Lakhimpur Kheri incident: Opposition’s tactic to corner Yogi govt?
The largest State of India, Uttar Pradesh, is scheduled to have Assembly elections in February/ March 2022. Thus, it is natural that the political battle is heating with claims and counterclaims of winning. Until about a week ago, things were rather quiet and the law and order under control with the thoughtful and fearless leadership of Yogi Adityanath. Then the unexpected gruesome death of 8 innocent people, including 4 farmers (from the Sikh community), the youngest only 19-year-old Lavpreet Singh rocked the town of Lakhimpur Kheri (LK) and the country.
Unequivocally, even one unnatural death of an innocent person by violent means is too many and we must strongly condemn no matter who is behind the killing. It is heart-wrenching to witness the brutal killing in a relatively calm area even from this far. Why would Lavpreet at that tender age have to die rather than following his dream to go to Australia?
Now, they can and will label accusations against Yogi who appeared to be the popular choice among U.P. voters.
How, why, and who questions are under active investigation; it is better not to speculate. By now, one of the accused, Ashish Mishra, the son of BJP’s MP from LK, and the Home Minister of State, Ajay Mishra, is arrested. It is alleged that Ashish Mishra was unable to provide satisfactory answers when questioned by the competent police authorities. That was one of many demands of the leaders of opposition parties who are digging deeper into the tragic deaths rather than expressing remorse. They are using it as a goldmine opportunity to destabilize, demonize, and disgrace Yogi’s government notwithstanding Yogi’s best handling of the devastating Coronavirus in the State.
What intrigues me is why LK? One of 75 districts in Uttar Pradesh, LK is neither highly developed nor known for any particular trade, craft, and/ or industry, etc. Frankly, as a UPite myself, I did not know that LK is the largest district in U.P. although I visited the city once in the late sixties. The city has its own legendary history with connections to Mahabharat which fewer people may have known.
This city welcomed many Sikh families who were allotted land parcels in post-independence India. Interesting to note that although Sikhs constitute only 2.63% of the district population, the third-largest religious group after Hindus and Muslims, they own the largest landholding of around 7 acres/ family according to a 2008 report. The report cites that the land value per Sikh household is the highest (Rs.10.92 lakhs) compared to Hindus and Muslims of Rs.3.15 and Rs.1.78 lakhs, respectively.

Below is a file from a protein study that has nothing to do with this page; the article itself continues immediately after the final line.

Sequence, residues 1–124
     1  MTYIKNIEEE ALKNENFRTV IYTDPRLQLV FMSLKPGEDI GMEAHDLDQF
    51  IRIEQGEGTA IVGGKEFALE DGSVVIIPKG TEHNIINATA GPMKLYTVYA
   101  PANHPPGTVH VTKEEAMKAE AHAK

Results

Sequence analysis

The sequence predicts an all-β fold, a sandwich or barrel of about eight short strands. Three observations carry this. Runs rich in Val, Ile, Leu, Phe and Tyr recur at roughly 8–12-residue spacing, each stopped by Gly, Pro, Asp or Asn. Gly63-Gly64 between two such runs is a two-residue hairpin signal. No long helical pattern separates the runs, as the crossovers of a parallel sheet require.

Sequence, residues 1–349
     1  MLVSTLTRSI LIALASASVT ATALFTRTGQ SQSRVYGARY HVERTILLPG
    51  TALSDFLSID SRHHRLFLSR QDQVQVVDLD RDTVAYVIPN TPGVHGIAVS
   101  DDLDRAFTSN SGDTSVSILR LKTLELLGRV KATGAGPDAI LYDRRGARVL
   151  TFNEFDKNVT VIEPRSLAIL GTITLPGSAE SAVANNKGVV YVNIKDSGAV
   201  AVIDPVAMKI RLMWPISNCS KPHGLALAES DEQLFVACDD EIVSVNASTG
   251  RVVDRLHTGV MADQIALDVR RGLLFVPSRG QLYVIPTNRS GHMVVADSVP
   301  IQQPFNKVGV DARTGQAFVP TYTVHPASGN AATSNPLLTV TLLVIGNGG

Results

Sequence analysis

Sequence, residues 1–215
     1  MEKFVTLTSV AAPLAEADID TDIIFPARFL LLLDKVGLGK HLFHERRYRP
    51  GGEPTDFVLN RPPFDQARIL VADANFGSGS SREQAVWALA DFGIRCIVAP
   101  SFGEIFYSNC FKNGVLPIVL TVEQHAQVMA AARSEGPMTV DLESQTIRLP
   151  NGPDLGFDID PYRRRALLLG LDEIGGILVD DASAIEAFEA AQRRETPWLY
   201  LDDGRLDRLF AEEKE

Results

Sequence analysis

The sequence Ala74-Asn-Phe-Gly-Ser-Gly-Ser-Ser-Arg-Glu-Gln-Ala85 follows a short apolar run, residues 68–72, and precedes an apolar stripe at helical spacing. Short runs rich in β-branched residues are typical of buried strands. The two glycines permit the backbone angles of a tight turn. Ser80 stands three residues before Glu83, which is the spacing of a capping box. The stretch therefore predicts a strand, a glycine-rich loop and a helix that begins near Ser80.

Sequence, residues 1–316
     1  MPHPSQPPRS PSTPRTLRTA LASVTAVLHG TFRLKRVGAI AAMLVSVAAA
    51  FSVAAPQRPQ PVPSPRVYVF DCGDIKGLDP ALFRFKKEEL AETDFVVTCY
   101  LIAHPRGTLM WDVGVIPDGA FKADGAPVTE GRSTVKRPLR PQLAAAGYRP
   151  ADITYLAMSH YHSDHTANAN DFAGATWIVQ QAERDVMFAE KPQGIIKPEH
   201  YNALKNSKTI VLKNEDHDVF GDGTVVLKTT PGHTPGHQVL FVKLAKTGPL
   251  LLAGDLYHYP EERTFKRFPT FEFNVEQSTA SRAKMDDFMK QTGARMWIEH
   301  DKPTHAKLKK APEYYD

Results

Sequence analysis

The overall riches of an average Sikh household are considerably higher from the cultivation of cash crops like sugarcane but it appears that they wield little political power. Reportedly, the farmers here are unhappy with Yogi’s announcement of a sugarcane price increase of only Rs.25/quintal.
Not surprisingly, the Sikh community in LK has an allegiance with Punjab farmers. The latter has been a part of the yearlong Kisan agitation demanding the revocation of the Farmer’s bill enacted by the Parliament last year. Many attempts to negotiate and reconcile the differences between the agitators and the government have failed but the laws remain suspended for the time being.
Unlike Sikh farmers in the LK area, not many farmers support the agitation in Western U.P. where I was born. In fact, my farmer brother tells me that the agitation in the Saharanpur district is almost non-existent.
It is my understanding that not the true farmers but the ‘farmers in disguise’ in Punjab have been up in arms. The disguised farmers are the middleman, the so-called commission agents, who stand to lose undue influence with the enactment of the newly passed Farmer’s bill. In fact, the new laws empower the farmers to sell their produce at will for the best price they can fetch. This will free the farmers from the clutches of the stronghold of the family like the former Punjab Chief Minister Badal. It is India’s misfortune that the relatively ill-educated small farmers are being exploited by the politicians and self-proclaimed farmer’s leaders like Rakesh Tikait.